To celebrate International Women’s Day, we sat down with some of our amazing UNSW Canberra alumni, staff and students and asked them to answer your #WomenLead questions.  

Wing Commander Angeline Lewis was the inaugural Minister’s Fellow for Women, Peace and Security at UNSW Canberra at the Australia Defence Force Academy for 2018-19. She is also a UNSW Canberra alumna, holding doctorates in international law (ANU) and in sea power history (UNSW Canberra). 

Wing Commander Lewis shares her advice on diversity of leadership, the power of the collective and being true to yourself. 

How important is diversity of leadership? 

To be effective, diversity must have depth – that is, a ‘diverse’ board in which everyone has similar experience, and brings a similar leadership style, isn’t really diverse. There are many ways to lead, and it’s that diversity of style, experience and interest that brings different perspectives to the fore. 

My experience as a female academic is that universities still operate like a men’s club and that much of the decision making and patronage is not done transparently. How do you deal with this culture, where only a few women are admitted into the club while the majority are told to wait or are excluded from where the power to make decisions lies?

The experience of exclusion can be deeply challenging – and hurtful. I think this is where the power of the collective can be extraordinary. I was humbled when deployed to South Sudan to be included in the warm solidarity of African women for each other, drawing on their shared experiences, and to see the strength this gave to their voice. When women band together, reinforcing each other’s voices, decisions and contributions, then we will break through.  

Do you have any advice for changing the culture of an organisation to facilitate women in leadership positions?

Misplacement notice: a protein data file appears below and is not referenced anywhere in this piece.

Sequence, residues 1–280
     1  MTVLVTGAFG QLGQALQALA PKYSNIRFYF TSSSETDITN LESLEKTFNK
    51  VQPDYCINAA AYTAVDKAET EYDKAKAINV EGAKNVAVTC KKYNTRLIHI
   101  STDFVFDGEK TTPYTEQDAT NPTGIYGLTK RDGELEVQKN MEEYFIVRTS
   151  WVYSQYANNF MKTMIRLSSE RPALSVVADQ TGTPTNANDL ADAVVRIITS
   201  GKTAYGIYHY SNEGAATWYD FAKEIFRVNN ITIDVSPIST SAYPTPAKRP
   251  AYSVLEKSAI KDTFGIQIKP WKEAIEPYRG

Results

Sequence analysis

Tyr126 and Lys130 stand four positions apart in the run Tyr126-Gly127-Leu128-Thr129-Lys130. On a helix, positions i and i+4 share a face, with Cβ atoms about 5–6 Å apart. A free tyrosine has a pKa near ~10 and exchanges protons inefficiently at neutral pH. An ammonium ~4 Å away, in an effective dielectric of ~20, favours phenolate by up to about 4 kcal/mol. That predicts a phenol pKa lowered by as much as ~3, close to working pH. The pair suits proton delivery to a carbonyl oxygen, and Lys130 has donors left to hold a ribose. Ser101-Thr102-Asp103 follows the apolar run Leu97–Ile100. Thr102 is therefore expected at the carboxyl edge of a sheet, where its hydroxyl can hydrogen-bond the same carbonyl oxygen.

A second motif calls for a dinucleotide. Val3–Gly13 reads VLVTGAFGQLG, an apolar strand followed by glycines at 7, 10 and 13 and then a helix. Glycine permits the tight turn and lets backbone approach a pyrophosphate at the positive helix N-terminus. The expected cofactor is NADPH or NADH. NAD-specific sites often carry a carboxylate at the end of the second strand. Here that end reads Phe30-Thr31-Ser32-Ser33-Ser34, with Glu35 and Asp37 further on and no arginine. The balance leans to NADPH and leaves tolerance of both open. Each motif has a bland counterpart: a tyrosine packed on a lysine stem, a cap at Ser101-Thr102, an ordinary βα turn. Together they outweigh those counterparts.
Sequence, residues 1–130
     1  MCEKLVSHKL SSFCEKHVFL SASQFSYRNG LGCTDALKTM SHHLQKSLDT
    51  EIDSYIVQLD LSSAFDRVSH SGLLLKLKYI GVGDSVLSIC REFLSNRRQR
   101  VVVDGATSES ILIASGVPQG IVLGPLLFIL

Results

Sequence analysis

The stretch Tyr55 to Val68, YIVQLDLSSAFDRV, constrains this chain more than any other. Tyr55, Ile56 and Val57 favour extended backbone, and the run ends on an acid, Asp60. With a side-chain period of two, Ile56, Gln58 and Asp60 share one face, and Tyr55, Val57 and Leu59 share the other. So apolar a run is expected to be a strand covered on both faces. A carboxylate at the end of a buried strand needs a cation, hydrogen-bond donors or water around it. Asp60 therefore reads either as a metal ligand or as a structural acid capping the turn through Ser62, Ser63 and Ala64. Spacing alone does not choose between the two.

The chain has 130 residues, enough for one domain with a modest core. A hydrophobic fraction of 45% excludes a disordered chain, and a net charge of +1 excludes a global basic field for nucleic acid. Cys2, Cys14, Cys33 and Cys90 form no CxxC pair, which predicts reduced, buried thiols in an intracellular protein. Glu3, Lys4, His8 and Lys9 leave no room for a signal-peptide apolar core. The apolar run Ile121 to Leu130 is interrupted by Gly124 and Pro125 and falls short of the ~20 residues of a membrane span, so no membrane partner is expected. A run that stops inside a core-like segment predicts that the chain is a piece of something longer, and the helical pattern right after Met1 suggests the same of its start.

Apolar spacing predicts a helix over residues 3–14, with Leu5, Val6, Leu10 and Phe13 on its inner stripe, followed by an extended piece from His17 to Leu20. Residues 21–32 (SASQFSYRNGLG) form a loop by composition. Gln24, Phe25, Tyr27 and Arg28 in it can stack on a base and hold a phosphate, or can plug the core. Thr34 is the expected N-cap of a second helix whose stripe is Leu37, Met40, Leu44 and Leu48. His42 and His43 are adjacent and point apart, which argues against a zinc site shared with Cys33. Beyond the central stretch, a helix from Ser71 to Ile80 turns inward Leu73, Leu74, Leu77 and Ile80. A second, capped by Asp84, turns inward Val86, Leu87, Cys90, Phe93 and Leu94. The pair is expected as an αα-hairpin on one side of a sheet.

Organisational cultures that value professional excellence and real leadership naturally draw high performing people to the top. It’s in their interests to do so! If this is not working for women, then we need to know what the obstacles specific to that organisation are, as well as common societal roadblocks. One of the key challenges is to ensure that the published values of the organisation are the same as those actually lived by the team: Is excellence actually developed and rewarded in a way that is transparent for everyone? If not, why not? How can we change it? To be valued in leadership, women must be valued as themselves at all levels. 

What do you see as the difference(s) between leadership and management? 

Leadership unifies and inspires, but management keeps the daily services on which we all depend ticking over. They’re both indispensable. 

What would you tell your 20-year-old self about leadership? 

You’ll make many mistakes but you’ll learn from them as you go. A good leader seeks to inspire others and themselves in equal measure – to reach higher, to understand more deeply, and to respect the inherent worth of every one of us. 

What’s the best piece of leadership advice you’ve ever been given? 

Be yourself. Anything else can only be a poor imitation. 

Read more International Women’s Day Q&As: 

Dr Bianca Capra

Professor Helen Dickinson

Ana Duncan

Tara Elizabeth Jeyasingh

Kate Munari

Penelope Twemlow